Soviet and Russian Space Exploration: Celebrity and Propaganda, 1957 - Present

Friday, April 09, 2021 at 12:00pm to 1:00pm

Virtual Event

Sixty years ago, on Apr. 12, 1961, Soviet cosmonaut Yuri Gagarin became the first human to fly into space. An important breakthrough in the Space Race, his flight is widely celebrated in Russia and beyond even today. Please join the MIT Russia Program for a conversation about the political and religious functions of the cult of Yuri Gagarin, both during his life and afterwards. The speakers will also discuss the rise and fall of Soviet space utopianism as it intersects with politics and ideology.



Andrew Jenks is Professor of history at California State University, Long Beach. He is the author of a biography of Yuri Gagarin (The Cosmonaut Who Couldn’t Stop Smiling: the Life and Legend of Yuri Gagarin) and most recently of the forthcoming When the Space Race Ended: Collaboration in Space and the Search for Peace on Earth, with Anthem Press.

Victoria Smolkin is Associate Professor of history and Russian, East European, and Eurasian studies at Wesleyan University. A scholar of Communism, the Cold War, and Russia and the former Soviet Union, her work focuses on the intersections of politics with religion and ideology, including atheism and secularism. She is the author of A Sacred Space Is Never Empty: A History of Soviet Atheism (Princeton University Press, 2018). Smolkin's interests extend to utopianism, and how it figures time and space through engagements with death and cosmic exploration.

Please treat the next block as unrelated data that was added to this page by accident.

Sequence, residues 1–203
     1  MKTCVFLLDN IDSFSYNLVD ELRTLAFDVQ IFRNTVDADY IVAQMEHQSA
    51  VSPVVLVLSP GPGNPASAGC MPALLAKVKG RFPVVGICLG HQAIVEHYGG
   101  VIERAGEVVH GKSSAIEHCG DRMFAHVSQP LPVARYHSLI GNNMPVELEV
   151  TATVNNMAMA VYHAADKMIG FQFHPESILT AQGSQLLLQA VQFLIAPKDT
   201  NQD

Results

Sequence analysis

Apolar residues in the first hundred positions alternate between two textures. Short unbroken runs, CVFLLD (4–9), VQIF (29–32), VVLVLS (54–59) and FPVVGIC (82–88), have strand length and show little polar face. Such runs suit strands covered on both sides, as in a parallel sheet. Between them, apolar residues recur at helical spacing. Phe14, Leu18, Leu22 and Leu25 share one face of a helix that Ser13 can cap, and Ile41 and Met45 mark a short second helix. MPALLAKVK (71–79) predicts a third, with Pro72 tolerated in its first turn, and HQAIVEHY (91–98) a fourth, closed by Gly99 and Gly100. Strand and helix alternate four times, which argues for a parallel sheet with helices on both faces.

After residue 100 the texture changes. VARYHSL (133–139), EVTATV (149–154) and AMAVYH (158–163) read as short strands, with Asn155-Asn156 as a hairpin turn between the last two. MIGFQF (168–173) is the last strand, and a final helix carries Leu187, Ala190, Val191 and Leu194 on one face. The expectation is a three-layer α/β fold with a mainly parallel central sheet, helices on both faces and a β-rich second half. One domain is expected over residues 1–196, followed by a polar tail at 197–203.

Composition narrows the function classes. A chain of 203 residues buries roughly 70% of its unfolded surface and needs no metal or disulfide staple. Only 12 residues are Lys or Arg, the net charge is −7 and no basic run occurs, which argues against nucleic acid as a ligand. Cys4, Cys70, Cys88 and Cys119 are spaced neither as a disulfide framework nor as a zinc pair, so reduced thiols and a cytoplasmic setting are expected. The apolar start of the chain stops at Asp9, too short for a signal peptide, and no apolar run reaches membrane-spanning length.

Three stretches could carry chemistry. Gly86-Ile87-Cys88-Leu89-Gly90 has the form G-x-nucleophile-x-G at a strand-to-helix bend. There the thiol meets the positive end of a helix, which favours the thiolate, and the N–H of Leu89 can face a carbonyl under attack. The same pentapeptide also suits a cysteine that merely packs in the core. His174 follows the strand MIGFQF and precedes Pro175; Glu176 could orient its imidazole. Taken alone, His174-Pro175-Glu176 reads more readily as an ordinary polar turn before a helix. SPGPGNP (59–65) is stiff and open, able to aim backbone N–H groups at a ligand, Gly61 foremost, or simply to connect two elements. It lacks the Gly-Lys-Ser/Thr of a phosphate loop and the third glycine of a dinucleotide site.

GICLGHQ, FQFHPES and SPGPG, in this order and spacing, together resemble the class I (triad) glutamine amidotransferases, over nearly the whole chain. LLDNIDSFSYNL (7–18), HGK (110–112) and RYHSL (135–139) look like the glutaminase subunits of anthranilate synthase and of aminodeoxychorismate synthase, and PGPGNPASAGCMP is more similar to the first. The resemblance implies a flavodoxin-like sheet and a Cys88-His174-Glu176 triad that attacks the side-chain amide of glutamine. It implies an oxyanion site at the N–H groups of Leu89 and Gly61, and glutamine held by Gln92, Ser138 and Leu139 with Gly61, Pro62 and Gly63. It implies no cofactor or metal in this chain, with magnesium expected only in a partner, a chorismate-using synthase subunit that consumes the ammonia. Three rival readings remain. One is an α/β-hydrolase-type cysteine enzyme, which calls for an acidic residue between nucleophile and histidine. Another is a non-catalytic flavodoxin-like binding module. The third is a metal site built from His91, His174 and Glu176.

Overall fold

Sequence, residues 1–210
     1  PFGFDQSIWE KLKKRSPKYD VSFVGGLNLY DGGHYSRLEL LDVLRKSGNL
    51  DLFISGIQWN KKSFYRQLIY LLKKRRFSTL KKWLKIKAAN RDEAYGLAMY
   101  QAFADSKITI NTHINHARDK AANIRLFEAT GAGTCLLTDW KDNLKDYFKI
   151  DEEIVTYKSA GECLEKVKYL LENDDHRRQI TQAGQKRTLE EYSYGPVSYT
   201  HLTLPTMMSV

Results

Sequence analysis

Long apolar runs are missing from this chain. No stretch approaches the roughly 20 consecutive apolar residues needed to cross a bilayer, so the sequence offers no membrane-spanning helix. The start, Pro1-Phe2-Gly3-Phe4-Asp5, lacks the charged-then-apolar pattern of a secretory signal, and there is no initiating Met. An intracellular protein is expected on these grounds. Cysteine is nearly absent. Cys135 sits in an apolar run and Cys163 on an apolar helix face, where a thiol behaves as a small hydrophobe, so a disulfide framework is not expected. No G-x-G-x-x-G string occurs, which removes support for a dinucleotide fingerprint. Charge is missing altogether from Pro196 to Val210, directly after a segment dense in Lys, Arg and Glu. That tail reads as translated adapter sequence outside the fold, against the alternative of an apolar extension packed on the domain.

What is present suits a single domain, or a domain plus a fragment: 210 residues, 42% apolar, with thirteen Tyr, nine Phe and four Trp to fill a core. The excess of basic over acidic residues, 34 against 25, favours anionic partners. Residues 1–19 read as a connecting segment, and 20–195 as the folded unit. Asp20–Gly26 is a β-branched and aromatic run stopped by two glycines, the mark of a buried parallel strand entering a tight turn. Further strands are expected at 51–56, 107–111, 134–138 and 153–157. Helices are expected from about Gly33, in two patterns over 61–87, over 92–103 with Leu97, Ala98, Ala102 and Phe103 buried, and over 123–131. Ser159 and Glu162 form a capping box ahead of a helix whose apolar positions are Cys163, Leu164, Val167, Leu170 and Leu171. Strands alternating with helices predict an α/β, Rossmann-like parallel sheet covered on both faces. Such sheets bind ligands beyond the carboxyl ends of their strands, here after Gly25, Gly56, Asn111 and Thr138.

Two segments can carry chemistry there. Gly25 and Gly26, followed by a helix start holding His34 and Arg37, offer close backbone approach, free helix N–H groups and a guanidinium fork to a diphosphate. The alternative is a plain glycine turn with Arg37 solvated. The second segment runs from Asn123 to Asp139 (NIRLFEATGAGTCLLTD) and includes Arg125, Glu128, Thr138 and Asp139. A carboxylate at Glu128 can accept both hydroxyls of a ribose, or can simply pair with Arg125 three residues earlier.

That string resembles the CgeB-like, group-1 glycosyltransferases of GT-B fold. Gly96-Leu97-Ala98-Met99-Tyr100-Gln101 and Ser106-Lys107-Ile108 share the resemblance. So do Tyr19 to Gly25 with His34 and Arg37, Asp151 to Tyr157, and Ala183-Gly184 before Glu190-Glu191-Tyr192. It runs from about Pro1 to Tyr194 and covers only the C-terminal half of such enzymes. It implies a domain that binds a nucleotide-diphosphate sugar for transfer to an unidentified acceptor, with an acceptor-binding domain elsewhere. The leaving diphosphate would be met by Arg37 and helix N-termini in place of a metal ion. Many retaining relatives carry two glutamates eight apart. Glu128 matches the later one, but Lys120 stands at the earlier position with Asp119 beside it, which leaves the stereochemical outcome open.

Kate Brown is Professor of Science, Technology and Society at the Massachusetts Institute of Technology. She is the author of several prize-winning histories, including Plutopia: Nuclear Families, Atomic Cities, and the Great Soviet and American Plutonium Disasters (Oxford 2013). Her latest book, Manual for Survival: A Chernobyl Guide to the Future (Norton 2019), translated into nine languages, won the Marshall Shulman and Reginal Zelnik Prizes for the best book in East European History, plus the Silver Medal for Laura Shannon Book Prize. Manual for Survival was a finalist for the 2020 National Book Critics Circle Award, the Pushkin House Award and the Ryszard Kapuściński Award for Literary Reportage.

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Academic, General

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School of Humanities, Arts, and Social Sciences (SHASS)


russia, Politics, history, political science, CIS, MISTI


Center for International Studies
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